I have found the measurement details are very useful since they went on the web site last July, with only a couple of minor interpretations needed since then to ensure the Sabre I am slowly rebuilding is totally legal.
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Sabre Rules

Postby Phillip Johnson on Tue Aug 23, 2005 10:39 pm

The measurement rules were put on the web site to help people who own boats but may not have a copy of the building notes. Generally people who need more detailed information are building a boat and have or should have a set of building notes. The measurement rules were published on the web site in their current form as it was the quickest way i.e. no editing required of a large publication. It should be noted that no offers to run the web site have been made to date. The other reason that only a limited amount of information was published is because the Sabre Building Notes are a copyrighted document and the Association does not want boats being built where no building notes have been purchased.

Phillip Johnson
National Measurer
Phillip Johnson
 

Comment

Postby Guest on Fri Sep 23, 2005 1:34 pm

[quote][/quote]

Well as brief as your comment is it explains alot.
Guest
 

Postby fitzwarryne on Sat Nov 26, 2005 10:54 pm

The problem is the great majority of people rebuilding an old boat do not have a ccopy of the construction notes. An example is a simple replacement of a boom, I built one in accordance with the published measurement rules but now have been told it is illegal because the mainsheet block hangers are incorrect and not in the appropriate place. I find the whole processs rather frustrating when I am trying to comply with a secret set of rules which can not be published for fear of breaking copyright. Do I have to buy a set of consruction notes just to replace components?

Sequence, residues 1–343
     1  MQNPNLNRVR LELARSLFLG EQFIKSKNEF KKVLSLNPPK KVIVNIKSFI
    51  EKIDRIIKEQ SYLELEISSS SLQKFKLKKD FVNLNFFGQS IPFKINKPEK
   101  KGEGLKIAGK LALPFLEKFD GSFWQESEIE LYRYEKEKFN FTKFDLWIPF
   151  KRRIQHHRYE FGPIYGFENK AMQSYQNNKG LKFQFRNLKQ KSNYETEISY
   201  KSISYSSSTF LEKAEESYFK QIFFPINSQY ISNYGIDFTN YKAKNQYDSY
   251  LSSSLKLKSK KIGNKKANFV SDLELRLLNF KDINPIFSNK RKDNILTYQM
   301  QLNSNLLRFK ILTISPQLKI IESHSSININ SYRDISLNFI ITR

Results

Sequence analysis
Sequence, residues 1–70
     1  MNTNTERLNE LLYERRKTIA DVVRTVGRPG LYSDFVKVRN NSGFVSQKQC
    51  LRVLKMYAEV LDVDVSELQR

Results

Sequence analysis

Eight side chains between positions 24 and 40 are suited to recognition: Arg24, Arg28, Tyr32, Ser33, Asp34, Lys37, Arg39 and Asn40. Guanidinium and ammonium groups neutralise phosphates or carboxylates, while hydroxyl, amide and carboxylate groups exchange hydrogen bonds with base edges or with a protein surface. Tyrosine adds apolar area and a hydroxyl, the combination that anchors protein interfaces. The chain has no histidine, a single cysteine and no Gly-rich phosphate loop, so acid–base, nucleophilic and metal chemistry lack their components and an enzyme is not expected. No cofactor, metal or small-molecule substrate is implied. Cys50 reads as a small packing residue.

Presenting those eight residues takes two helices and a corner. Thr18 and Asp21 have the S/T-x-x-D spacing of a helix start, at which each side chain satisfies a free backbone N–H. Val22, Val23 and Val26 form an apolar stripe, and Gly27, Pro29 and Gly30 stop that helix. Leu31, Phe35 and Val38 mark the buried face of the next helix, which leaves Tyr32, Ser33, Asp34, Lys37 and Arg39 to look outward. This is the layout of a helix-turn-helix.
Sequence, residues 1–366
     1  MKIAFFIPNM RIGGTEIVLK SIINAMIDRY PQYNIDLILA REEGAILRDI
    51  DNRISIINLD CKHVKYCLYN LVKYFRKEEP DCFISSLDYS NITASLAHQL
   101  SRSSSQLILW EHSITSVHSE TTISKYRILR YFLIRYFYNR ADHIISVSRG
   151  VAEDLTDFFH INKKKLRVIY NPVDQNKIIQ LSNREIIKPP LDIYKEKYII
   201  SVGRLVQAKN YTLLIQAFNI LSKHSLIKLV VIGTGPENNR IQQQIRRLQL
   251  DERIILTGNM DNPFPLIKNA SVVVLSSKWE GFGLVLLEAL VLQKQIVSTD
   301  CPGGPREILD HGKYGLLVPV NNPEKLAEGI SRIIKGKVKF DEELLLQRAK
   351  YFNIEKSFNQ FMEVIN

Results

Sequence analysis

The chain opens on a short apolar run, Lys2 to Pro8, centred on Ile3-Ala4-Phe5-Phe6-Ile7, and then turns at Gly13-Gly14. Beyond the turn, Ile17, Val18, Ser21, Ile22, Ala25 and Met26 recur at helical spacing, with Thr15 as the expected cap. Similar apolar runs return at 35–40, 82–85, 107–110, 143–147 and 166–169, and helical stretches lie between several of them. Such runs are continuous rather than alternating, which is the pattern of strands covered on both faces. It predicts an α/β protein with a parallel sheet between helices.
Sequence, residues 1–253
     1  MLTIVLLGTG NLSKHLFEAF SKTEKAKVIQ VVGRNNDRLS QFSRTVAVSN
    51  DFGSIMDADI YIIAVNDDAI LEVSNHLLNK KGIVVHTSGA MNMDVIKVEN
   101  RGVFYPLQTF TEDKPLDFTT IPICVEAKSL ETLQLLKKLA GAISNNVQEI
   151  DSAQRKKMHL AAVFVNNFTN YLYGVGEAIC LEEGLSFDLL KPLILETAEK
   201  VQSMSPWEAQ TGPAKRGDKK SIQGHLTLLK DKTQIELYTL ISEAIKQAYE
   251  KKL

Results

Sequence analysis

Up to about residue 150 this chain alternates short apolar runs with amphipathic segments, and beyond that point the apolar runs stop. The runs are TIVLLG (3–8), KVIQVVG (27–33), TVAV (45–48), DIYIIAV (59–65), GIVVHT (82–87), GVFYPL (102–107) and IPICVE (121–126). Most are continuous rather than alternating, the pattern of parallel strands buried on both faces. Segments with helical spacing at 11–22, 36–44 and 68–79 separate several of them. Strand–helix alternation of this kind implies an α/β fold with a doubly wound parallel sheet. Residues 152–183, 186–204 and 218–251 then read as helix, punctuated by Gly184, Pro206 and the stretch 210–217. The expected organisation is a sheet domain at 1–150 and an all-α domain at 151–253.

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Postby A Trace of Blue - 1666 on Thu Dec 01, 2005 12:49 am

fitzwarryne,

I am not sure what the Association's Official Stand is on copies of the book. My own personal view on that topic is that if you own a boat, Timber/GRP or Composite, you should be entitle to have a copy of the handbook.

If you built your own, you should have bought a copy from the Association. You cannot get a Sail Number any other way. The Sail Number is what you are actually paying for here, not the cost of the Book.

If you purchased a boat new from a builder, or second hand, you should have received the original copy of the book issued for your boats Sail Number and construction from the person you bought it from.

If you have lost/damaged your book or bought second hand and did not receive your original book, there should be no reason why you cannot go to the Association and request a replacement copy, which should be heaps cheaper (Printing and Postage costs only possibly) than a new issue, as you are not asking for a new sail number, just a replacement book. This would be safer than borrowing a mates and copying it yourself, as a new Association produced copy will have all the latest ammendments.

Regards . . .

Willy . . .
Peter Wilcox
1666 - A Trace of Blue

God Still Sails a Payne-Mortlock Sailing Canoe!